Hyperloop testing blazes into West Virginia

Billionaire Richard Branson is hoping to give Tesla CEO Elon Musk some competition, not in electric vehicles but rather in the super high-speed travel systems known as hyperloops.

Branson’s Virgin Hyperloop last week picked West Virginia to host a $500 million certification center and test track for a system that would use magnets to whisk pods filled with passengers and cargo through vacuum tubes at more than 600 mph.

“Today we lay the foundation for commercial deployment and operations across the United States of America and beyond,” Virgin Hyperloop CEO Jay Walder told reporters, according to Reuters.

Construction is scheduled to begin in 2022 on the site of a former coal mine about a four-hour drive (or 18 minutes by hyperloop) west of Washington, D.C. The company said it expects to have safety certification by 2025 and to start commercial operations by 2030. Federal regulators plan to use the site to help establish regulatory and safety standards for hyperloops.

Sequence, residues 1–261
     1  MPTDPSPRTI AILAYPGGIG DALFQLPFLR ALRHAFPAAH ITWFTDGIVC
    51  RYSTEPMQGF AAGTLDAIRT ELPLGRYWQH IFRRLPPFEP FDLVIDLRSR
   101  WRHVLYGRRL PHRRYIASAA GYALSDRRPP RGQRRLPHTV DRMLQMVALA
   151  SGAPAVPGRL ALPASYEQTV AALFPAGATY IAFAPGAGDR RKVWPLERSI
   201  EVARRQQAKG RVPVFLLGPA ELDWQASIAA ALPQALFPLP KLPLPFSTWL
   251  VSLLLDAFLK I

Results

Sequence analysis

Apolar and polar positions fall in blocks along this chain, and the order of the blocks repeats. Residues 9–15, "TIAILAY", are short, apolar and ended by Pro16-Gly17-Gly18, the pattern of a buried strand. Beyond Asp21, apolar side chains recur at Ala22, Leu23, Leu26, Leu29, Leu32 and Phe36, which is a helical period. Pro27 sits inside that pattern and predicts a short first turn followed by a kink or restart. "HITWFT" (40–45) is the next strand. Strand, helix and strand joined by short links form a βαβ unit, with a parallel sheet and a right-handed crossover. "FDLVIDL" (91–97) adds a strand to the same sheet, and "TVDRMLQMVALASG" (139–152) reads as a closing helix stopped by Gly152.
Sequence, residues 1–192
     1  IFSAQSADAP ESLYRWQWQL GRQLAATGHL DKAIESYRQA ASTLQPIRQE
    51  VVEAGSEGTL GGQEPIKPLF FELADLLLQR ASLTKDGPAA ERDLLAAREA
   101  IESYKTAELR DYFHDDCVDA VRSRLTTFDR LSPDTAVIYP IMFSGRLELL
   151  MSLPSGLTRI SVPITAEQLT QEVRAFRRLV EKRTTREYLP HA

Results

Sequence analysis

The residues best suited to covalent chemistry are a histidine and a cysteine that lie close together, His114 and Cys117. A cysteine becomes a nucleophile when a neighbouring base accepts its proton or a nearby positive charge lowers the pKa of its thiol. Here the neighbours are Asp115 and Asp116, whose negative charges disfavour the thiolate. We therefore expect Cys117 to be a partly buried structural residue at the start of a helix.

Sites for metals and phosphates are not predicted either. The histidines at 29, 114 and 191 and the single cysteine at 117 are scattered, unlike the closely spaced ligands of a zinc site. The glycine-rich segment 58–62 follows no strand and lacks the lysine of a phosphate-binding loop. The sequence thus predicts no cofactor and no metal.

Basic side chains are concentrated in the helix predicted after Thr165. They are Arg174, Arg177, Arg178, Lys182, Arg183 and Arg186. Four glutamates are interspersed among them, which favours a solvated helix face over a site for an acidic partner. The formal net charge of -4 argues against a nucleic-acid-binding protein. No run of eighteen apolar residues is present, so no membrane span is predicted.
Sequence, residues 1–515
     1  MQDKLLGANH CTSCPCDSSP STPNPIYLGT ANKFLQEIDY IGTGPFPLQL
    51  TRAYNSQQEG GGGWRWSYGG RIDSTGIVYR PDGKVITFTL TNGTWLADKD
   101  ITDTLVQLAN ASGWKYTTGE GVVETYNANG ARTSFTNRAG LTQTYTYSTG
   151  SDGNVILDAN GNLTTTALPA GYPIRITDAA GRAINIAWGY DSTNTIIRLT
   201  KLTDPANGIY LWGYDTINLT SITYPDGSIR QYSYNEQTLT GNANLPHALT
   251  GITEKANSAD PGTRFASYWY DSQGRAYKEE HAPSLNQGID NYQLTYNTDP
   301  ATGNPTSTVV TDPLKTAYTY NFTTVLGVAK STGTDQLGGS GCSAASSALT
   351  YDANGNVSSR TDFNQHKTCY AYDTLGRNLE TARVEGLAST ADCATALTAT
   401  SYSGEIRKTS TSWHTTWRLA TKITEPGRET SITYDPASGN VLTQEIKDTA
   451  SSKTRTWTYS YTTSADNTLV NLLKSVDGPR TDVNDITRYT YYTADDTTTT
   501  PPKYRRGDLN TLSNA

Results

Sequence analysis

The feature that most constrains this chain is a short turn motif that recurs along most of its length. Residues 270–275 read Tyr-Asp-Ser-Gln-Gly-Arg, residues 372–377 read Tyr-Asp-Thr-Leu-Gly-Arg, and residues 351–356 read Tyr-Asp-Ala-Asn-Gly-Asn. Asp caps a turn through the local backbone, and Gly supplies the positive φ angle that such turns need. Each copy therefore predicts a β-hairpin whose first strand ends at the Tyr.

Musk has been discussing hyperloops for years, though his near-term focus has been transit systems zipping commuters through tunnels in electric cars. His Boring Co. has dug two tunnels under Las Vegas to transport visitors to the city’s convention center.


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